Novel Stat3 Targeted Mouse Model of Colitis Mimics Tumor Progression in Human Ulcerative Colitis.
Kenneth Friedman, Elaine Y Lin, Joseph Albanese, Elaine Liu, Kathryn Tanaka, Aaron Leifer, Qiang Liu. Montefiore Medical Center of Albert Einstein College of Medicine, New York, NY
Background: To determine the link between inflammation and tumorigenesis in intestine, we have recently established a novel mouse model of colitis-induced colorectal cancer (Stat3-IKO mice), by targeting Stat3 specifically in hematopoietic cells including macrophages and certain populations of lymphocytes. Inflammation was initiated in the colon of the mutant mice at early age that was followed by the development of malignancies including invasive adenocarcinoma in the inflamed region of the intestine. We have previously demonstrated that this model shares several characteristics with human ulcerative colitis (UC)-associated colorectal cancers including the involvement of intestinal microflora, activation of oncogenic pathways in colonic epithelial cells and disrupted epithelial homeostasis.
Design: To characterize tumor progression in Stat3-IKO mice, tissue was collected in 60 Stat3-IKO and control mice at 5, 10-14, 26-27, and greater than 30 wks of ages to assess for inflammation, low and high grade dysplasia, and invasive adenocarcinoma. Furthermore, immunostaining was used to identify the potential tumor-promoting factors produced in the inflammatory microenvironment in both human UC and mouse colon.
Results: We found that inflammation in the colon was initiated at early age (5 wks) in Stat3-IKO mice. At 10-14 wks, low grade dysplasia was present in 60% of the Stat3-IKO mice. Older Stat3-IKO mice (26-27 wks) showed more severe inflammation and the lesion had progressed to high grade dysplasia (44%) and invasive carcinoma (22%). Finally, all three Stat3-IKO mice examined at greater than 30 wks have developed invasive adenocarcinoma. As seen in human UC-associated carcinoma, pathways involved in inflammation-induced neoplastic transformation including Toll-like receptors (TLRs), chemokines and their receptors as well as S100A9 are found to be upregulated in the inflamed colon and tumor lesions in Stat3-IKO mice.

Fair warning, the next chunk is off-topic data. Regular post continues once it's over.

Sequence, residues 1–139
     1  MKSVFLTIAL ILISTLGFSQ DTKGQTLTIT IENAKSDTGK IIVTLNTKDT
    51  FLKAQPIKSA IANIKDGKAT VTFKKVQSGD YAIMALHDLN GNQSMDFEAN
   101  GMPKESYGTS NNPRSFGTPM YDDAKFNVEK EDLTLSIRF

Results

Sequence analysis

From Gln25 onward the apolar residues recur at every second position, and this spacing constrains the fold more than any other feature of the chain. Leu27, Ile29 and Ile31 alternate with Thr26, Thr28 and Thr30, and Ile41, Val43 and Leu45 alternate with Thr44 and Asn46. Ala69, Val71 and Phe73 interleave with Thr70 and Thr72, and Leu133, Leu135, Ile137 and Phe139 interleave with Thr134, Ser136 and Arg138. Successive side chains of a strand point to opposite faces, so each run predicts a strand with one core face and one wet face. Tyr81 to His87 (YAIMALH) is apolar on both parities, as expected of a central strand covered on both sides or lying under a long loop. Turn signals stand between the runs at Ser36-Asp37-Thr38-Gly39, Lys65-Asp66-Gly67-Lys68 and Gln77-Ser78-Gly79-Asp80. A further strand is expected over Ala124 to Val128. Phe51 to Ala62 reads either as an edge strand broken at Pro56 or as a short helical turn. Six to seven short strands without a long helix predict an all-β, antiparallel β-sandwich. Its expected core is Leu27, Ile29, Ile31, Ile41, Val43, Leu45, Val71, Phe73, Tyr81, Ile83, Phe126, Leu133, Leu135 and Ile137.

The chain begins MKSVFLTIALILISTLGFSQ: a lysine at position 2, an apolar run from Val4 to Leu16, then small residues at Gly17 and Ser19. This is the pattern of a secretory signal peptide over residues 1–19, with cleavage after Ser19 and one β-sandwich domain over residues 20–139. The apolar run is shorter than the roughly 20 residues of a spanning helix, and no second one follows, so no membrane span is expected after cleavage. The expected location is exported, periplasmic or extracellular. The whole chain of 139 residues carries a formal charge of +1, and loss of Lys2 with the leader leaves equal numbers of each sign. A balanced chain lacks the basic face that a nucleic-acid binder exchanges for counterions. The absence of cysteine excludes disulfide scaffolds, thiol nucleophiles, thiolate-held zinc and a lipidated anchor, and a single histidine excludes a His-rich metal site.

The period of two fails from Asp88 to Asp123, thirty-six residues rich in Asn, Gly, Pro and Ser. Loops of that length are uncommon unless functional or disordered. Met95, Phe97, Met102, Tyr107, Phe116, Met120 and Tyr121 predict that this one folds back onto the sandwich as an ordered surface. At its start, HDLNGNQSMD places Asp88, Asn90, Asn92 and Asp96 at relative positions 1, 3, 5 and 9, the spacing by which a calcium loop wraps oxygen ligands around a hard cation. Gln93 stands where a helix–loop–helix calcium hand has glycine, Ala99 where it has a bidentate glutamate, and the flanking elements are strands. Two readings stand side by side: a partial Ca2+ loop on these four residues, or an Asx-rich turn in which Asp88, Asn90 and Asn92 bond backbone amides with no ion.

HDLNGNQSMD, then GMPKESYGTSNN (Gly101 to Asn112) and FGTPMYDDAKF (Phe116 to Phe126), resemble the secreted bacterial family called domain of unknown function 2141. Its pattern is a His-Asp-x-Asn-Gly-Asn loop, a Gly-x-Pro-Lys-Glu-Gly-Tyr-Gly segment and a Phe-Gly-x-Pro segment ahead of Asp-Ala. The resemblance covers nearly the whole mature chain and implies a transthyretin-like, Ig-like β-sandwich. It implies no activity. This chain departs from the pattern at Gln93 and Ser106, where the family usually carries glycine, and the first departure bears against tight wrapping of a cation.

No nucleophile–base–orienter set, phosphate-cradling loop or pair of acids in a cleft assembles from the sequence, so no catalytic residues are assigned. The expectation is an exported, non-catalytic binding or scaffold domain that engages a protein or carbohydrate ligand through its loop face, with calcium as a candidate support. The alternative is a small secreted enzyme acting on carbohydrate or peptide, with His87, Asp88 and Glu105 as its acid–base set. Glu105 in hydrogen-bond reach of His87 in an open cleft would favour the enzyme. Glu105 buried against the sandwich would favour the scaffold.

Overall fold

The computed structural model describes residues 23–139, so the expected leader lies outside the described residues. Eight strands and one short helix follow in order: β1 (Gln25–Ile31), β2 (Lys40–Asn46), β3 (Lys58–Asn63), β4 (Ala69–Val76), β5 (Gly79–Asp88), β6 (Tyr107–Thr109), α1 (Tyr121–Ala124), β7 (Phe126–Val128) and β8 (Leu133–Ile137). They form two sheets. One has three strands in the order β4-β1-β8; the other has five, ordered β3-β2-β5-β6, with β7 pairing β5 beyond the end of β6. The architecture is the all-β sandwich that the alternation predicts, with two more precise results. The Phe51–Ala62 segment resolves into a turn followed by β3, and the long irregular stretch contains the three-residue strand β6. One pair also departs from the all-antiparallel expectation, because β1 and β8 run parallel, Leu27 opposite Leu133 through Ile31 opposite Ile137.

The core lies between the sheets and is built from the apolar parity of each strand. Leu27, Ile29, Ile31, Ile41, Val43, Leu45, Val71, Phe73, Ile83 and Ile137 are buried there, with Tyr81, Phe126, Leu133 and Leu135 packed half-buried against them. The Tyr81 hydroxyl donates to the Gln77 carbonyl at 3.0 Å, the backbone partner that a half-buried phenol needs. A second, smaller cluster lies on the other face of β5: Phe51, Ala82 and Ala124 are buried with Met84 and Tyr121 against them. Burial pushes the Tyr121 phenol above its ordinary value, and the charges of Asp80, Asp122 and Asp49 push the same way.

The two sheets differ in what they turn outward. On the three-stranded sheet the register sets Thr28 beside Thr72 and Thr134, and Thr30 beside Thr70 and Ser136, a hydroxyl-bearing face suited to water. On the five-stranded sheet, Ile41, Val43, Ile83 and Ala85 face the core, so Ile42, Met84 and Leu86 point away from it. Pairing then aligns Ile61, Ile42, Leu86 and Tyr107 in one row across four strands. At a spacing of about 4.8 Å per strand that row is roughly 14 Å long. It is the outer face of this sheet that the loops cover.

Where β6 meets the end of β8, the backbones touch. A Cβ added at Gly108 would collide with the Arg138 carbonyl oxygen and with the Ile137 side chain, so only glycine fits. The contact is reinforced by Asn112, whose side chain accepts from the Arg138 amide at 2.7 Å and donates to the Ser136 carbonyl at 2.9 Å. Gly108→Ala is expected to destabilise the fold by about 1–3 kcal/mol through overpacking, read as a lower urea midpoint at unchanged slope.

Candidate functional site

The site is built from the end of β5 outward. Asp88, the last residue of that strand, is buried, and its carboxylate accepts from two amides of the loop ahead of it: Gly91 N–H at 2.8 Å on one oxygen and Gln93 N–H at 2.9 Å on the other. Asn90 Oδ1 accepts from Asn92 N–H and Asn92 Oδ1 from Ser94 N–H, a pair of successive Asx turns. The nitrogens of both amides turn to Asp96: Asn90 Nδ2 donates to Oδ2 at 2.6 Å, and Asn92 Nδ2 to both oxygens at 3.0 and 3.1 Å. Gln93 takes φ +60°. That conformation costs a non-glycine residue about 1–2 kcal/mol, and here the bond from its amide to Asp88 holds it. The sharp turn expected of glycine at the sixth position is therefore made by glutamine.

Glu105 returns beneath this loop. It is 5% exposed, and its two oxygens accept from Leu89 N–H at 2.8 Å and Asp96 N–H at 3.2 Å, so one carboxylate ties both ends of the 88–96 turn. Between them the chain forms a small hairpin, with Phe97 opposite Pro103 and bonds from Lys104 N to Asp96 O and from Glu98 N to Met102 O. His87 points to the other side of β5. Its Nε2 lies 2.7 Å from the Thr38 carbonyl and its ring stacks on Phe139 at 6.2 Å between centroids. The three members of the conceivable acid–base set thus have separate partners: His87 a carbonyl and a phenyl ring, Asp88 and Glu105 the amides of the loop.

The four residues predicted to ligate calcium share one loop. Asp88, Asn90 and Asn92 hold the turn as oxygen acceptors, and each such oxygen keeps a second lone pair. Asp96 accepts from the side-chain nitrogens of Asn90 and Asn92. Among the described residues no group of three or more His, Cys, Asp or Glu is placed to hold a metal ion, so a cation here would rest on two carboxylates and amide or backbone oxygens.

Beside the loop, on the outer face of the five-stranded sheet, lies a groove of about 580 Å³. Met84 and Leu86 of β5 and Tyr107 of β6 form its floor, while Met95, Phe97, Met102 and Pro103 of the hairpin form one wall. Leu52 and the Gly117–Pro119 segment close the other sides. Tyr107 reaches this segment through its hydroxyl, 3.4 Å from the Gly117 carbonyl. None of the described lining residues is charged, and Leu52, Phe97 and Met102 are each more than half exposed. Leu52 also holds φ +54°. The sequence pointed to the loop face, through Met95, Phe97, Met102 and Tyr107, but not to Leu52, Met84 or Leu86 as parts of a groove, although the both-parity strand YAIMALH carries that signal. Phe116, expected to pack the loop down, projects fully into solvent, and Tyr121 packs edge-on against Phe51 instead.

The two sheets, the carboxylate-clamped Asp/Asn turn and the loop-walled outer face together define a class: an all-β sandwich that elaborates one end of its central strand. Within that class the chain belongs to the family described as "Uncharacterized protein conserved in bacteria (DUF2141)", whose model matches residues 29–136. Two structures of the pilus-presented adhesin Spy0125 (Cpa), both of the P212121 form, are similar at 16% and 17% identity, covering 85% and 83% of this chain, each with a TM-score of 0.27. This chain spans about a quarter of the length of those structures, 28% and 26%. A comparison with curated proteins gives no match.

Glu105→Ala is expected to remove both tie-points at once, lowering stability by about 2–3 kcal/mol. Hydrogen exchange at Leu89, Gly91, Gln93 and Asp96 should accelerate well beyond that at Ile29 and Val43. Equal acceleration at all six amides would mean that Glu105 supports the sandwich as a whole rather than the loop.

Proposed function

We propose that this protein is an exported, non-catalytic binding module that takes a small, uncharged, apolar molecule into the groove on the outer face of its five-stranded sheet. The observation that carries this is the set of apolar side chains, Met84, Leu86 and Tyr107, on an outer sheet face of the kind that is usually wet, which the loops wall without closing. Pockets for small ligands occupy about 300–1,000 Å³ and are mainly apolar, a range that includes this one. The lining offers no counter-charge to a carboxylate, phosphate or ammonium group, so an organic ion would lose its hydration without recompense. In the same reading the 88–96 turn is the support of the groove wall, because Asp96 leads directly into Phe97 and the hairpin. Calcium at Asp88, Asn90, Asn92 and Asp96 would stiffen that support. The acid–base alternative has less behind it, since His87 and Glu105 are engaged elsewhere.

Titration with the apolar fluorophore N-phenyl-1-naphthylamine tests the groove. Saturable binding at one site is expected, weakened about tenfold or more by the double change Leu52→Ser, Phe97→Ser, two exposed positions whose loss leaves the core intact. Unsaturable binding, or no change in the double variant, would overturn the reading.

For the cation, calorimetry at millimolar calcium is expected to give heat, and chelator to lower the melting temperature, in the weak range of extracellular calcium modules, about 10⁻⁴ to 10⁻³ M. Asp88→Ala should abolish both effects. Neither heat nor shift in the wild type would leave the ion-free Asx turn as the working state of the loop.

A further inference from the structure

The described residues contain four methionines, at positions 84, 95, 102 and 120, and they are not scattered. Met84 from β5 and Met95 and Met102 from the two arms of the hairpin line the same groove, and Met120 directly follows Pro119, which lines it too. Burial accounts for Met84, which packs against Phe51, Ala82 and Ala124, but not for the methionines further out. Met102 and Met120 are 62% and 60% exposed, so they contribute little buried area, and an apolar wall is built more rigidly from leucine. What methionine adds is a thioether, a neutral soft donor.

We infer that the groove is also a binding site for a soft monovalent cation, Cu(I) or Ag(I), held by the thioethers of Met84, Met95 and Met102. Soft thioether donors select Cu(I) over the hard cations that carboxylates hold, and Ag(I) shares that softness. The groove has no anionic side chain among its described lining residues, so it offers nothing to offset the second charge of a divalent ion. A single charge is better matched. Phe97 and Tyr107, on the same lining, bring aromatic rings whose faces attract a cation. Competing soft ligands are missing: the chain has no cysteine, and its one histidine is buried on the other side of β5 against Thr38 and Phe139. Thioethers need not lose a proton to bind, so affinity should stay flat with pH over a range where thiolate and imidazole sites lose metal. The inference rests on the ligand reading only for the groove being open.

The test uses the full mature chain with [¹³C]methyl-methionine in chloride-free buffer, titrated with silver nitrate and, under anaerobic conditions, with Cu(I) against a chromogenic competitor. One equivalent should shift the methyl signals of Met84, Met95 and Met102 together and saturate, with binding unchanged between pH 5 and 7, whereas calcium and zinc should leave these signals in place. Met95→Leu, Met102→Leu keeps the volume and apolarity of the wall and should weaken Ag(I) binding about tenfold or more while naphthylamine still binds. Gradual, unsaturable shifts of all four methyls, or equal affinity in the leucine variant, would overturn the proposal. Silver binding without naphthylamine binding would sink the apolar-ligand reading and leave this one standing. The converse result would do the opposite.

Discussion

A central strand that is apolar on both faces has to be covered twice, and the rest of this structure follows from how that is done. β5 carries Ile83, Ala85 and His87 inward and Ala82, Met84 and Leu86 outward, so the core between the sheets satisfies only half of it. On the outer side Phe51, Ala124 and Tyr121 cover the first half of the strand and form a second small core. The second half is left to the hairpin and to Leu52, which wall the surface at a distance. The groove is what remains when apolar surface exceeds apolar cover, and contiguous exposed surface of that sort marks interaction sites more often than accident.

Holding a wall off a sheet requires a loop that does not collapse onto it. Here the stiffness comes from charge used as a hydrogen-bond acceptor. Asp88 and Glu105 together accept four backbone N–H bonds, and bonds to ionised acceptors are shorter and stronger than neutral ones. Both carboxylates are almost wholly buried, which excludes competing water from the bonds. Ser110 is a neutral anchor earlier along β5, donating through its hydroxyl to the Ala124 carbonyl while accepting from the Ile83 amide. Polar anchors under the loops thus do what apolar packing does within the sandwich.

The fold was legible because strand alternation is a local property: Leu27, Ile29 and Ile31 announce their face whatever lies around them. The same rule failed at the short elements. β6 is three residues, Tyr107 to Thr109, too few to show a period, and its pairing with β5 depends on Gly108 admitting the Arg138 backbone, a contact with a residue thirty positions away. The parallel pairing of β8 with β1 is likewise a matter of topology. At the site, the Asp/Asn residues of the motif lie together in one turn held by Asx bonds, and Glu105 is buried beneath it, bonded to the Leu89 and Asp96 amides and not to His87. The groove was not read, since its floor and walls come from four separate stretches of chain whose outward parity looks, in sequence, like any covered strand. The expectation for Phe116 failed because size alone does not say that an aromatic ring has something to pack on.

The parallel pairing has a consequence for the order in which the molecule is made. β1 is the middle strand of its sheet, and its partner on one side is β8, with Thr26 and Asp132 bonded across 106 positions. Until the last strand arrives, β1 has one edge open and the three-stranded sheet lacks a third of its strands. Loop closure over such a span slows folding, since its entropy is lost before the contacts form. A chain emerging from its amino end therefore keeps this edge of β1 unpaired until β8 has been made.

Conclusions: Tumor progression in Stat3-IKO mice shares many morphologic features with human UC-associated adenocarcinoma. The histopathological development in the model follows the sequence of inflammation, dysplasia and then carcinoma suggesting that inflammation plays a critical role in tumorigenesis, which is compatible with that observed in human UC. Our study demonstrated that Stat3-IKO mice is a valuable pre-clinical model for illustrating the mechanism of inflammation-induced neoplastic transformation in colon, and may be useful for the development of therapeutic strategy for human UC.
Category: Special Category - Pan-genomic/Pan-proteomic approaches to Cancer
Monday, February 28, 2011 9:30 AM
Poster Session I Stowell-Orbison/Surgical Pathology/Autopsy Awards Poster Session # 240, Monday Morning